International Space Station
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On Monday night, the International Space Station noticed some Russian space junk in its side view mirror, which was closer than it appeared, and fired its thrusters to avoid an accident.

The collision could have been dangerous, not to mention inconvenient, considering how long it takes to exit a space station and exchange insurance information.

“This evening, the International Space Station’s Progress 81 thrusters fired for 5 minutes, 5 seconds in a Pre-Determined Debris Avoidance Maneuver (PDAM) to provide the complex an extra measure of distance away from the predicted track of a fragment of Russian Cosmos 1408 debris,” NASA said in its usual style of a totally easy to read statement.

It was a bit of a close call, but a close call by space standards (not like when you narrowly dodge a grocery cart in a parking lot). The debris fragment would have passed within 3 miles (5 kilometers) of the station, so the station skedaddled into a higher orbit

The space junk wasn’t the result of Russian cosmonauts taking out the trash or some guy in Moscow putting too much lighter fluid on his barbeque. Instead, it’s due to Russia blowing up a defunct Cosmos 1408 satellite in a 2021 missile test that was heavily-criticized.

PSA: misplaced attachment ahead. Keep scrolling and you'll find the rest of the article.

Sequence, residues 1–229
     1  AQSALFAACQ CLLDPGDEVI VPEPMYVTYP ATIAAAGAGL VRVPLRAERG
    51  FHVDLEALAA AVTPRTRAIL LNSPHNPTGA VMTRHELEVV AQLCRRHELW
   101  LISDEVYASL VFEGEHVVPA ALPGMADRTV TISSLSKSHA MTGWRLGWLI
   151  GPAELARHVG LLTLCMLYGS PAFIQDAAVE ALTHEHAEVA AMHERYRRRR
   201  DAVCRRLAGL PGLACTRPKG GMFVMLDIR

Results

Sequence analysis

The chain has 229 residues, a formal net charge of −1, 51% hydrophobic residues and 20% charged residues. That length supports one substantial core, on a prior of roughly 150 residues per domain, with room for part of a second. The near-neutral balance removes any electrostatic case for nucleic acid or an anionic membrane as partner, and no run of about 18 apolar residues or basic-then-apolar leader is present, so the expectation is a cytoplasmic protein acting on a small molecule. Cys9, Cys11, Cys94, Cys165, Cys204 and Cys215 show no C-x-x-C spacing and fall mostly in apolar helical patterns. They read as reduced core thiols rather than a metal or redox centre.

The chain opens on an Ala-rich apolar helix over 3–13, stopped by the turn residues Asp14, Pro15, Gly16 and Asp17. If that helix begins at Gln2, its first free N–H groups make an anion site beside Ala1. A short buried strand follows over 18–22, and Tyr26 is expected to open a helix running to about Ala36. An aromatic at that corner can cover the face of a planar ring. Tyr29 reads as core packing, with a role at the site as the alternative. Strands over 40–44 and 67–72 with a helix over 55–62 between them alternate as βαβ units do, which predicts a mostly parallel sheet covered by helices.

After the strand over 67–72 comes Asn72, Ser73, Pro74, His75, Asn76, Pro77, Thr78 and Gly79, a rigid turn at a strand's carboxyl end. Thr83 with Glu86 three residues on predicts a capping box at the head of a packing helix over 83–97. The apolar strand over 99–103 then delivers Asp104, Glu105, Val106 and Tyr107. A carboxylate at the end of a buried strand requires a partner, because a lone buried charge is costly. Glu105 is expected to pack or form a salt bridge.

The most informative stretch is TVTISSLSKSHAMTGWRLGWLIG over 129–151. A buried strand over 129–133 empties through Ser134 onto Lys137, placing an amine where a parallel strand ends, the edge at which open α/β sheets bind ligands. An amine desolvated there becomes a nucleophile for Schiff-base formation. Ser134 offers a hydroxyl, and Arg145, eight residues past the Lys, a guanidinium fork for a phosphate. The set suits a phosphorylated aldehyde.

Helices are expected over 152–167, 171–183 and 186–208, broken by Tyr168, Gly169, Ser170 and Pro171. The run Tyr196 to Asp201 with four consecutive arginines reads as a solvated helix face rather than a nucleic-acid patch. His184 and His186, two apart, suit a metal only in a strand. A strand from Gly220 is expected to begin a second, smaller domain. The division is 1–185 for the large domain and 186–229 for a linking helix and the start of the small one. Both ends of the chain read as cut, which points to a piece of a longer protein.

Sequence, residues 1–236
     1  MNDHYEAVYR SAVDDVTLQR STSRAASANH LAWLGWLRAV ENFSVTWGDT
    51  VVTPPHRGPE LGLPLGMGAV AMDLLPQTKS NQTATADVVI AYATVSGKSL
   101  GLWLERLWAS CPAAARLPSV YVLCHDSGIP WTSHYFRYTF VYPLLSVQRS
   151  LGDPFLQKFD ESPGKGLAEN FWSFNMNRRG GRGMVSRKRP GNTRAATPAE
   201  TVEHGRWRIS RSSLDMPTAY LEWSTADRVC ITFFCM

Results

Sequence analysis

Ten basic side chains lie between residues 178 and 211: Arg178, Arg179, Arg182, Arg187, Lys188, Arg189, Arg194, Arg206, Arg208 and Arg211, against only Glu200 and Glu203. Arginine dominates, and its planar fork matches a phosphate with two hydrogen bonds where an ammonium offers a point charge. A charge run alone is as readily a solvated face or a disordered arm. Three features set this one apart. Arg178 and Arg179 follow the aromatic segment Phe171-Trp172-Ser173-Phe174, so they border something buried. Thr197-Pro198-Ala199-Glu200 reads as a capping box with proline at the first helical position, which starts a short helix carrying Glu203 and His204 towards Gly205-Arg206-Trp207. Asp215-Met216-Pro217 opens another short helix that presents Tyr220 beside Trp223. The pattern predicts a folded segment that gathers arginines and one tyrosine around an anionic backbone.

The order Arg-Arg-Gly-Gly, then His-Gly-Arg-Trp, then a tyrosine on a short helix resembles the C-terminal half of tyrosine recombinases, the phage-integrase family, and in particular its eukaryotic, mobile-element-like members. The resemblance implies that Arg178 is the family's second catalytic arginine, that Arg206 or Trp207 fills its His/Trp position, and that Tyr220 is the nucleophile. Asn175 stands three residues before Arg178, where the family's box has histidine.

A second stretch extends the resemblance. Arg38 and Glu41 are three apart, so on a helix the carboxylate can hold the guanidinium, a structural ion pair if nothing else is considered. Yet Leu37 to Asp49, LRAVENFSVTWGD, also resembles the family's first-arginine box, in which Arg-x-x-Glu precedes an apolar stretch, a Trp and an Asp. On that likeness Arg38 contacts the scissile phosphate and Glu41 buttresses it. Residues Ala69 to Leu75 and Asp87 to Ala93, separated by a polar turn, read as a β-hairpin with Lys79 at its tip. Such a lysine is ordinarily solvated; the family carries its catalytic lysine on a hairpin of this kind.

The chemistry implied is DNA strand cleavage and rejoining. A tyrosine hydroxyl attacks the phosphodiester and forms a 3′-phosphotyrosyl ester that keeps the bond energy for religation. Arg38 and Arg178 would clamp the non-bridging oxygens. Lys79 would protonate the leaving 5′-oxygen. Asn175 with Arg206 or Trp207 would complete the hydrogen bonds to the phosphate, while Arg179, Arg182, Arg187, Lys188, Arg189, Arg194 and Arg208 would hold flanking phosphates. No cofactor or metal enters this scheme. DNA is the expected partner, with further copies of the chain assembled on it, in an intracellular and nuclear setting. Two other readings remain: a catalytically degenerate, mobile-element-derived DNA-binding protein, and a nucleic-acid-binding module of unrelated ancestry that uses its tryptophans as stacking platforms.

That explosion created around 1,500 pieces of debris at the time, and U.S. officials condemned the anti-satellite missile test, calling it “a reckless and dangerous act.” But they say that about a lot of things.

Space junk is becoming a bit of problem, even if it’s not likely to ding your car on road anytime soon. There are big chunks like nonfunctional satellites and numerous smaller chunks like pieces of blown-up satellites. Sometimes they even hit each other and create even more pieces of space junk, like that broom scene in Fantasia.

In any case, the International Space Station successfully avoided this fragment and will probably have to avoid more in the near future until someone sweeps up a little.

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Chason Gordon is a staff writer and editor for How-To Geek. His writing has previously appeared in Slate, Vice, Input, and The Globe and Mail, among others. He currently lives in San Antonio, but is on a month-to-month lease.
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